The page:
Kontoor Brands (Lee and Wrangler)’ VP marketing APAC: Formulating brand strategies before choosing music is crucial to success
Music is a great companion for creative industry practitioners. Whether they need to hit a deadline or relax at home, they can resort to various genres of music to help create or disconnect them from the world. Marketing magazine is working with JOOX to invite creative industry practitioners to talk about their music consumption habits, and how to better leverage music in marketing.
In our eighth interview for the Marketers’ Music Mind series, we talk to Christy Kilmartin, VP Marketing (Asia Pacific) for Kontoor Brands – Lee and Wrangler.
Music can do a lot of things. It could change our mood, the atmosphere of a place, or even improve our well-being. For Kilmartin, music is a dialogue between the artist and the listener.
“I’m a sucker for anything with a big, full sound. Whether it’s guitars, soulful backup choirs, a full swing band, a Rhodes Piano or an orchestra, the interplay of instruments is what I’m hooked by,” he says.
But when he’s on a deadline, Kilmartin goes for jazz or piano to fuel his creativity.
This was in full view when Marketing asked him about his top five favourite artists. “I like Eros Ramazotti although I have no idea what he’s singing about!”
Popular in Italy and most European countries, Ramazotti plays guitar and piano and is on vocals. Kilmartin’s other favourite artists include Elvis Costello, the Police, You am I and Dave Grohl.
Kilmartin uses music streaming platforms to look for music and is grateful for playlists and algorithms that provide him with good lists and suggestions for new artists.
“It’s a one-stop shop where you can listen to what you know, but discover new artists and genres. The format makes it a really low commitment to test out new sounds and anything is just a click away now,” he explains.
Taking JOOX as an example, it offers recommendations catered to users’ preferences and ad content to target audiences. Such strength allows users to access their preferred tunes anytime and anywhere easily, no matter how niche their favourite type of music may be. Currently, JOOX provides more than 30 million songs in its music library from all over the world, connecting audiences to a huge collection of artists, songs, albums and personalised playlists in different genres.
Speaking of JOOX’s expertise in Asia, Kilmartin comments,”I’m familiar with JOOX. I know it’s filling a localisation gap for Asian markets and has plans to grow from streaming to other content forms.”
As a leading streaming platform in Asia, JOOX encompasses a wide variety of entertainment content and innovative features for users to enjoy music entertainment experience, interact with each other and express appreciation to each other. The content forms include audio and video karaoke, concert livestreaming, a number of exclusive programmes and podcasts for local markets. In particular, JOOX’s podcasts include topics such as artist-sharing, music reviews and language learning, as well as localised entertainment content such as daily horoscopes, or horror and love stories.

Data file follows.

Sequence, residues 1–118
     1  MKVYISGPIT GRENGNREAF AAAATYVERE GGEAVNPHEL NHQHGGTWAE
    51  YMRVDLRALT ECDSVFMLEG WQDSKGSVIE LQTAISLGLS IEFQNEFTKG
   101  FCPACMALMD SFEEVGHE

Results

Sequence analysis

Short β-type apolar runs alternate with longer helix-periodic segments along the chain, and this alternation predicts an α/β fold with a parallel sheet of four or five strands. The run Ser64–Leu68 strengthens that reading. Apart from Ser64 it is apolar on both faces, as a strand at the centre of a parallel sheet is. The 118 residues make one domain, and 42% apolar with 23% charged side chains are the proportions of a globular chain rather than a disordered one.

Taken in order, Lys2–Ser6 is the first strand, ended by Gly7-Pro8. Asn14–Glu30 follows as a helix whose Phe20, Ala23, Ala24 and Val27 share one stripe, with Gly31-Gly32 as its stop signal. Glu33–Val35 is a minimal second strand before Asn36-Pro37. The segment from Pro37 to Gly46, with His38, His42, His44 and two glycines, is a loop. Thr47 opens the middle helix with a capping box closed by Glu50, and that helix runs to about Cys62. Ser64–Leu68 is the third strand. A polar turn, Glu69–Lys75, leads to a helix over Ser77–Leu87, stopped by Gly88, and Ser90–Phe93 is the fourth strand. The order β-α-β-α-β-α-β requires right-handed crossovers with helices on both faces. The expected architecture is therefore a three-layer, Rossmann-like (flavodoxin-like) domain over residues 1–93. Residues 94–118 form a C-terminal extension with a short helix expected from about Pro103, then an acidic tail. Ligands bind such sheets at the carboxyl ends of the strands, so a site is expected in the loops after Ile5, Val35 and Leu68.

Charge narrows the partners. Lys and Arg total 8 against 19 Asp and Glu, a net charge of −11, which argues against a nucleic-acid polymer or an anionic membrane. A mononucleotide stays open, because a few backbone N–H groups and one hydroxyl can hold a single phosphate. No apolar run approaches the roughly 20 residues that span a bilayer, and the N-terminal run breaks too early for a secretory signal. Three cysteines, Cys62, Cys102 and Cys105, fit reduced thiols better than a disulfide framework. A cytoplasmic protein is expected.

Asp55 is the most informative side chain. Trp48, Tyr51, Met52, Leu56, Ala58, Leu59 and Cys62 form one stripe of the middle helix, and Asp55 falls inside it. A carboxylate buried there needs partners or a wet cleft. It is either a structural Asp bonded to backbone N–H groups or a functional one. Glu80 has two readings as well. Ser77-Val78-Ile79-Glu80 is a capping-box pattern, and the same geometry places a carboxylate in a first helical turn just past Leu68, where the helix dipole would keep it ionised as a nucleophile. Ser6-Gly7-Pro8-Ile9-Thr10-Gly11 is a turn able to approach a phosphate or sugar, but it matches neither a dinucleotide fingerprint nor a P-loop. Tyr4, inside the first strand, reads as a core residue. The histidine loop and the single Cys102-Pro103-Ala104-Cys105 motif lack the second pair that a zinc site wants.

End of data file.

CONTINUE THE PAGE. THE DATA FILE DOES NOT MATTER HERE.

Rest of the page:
When it comes to work, music streaming platforms really help him get what he wants. Kilmartin says, “Being in the fashion industry, we use a lot of tracks for events and internal pieces. It really helps us find the precisely right track much easier.”
Although music streaming platforms are useful to help businesses curate marketing plans or campaigns, marketers need to ask themselves what brand strategies they hope to use before choosing music.
“No two brands have (nor should have) the same creative vision and values. Music creates the strongest semiotics for a brand, so brand managers must be consistent with genres and artists,” he says.
By combining music and ads, brands could create something that lasts long and build an image among customers. A branded Karaoke campaign is one example that could naturally blend in your brand messages and images with music.
At the end of the interview, Kilmartin also shares an iconic use of music in a brand’s content, which could act as a good reference for marketers: Nike’s ad in 2002.
In the advertisement, a total of 24 players starred in the ad and they were divided into eight teams and played against each other. This ad featured Elvis Presley’s A Little Less Conversation throughout the entire piece.
“It’s a well-worn path today, but at the time this was a groundbreaker and made me want to create work like this”, he comments.
For each one of our Marketers’ Music Mind features, Marketing is collaborating with JOOX to produce a bespoke [playlist] based on our interviewee’s answers for our readers. Scan the QR code to see what we made and enjoy!
This content was originally published here.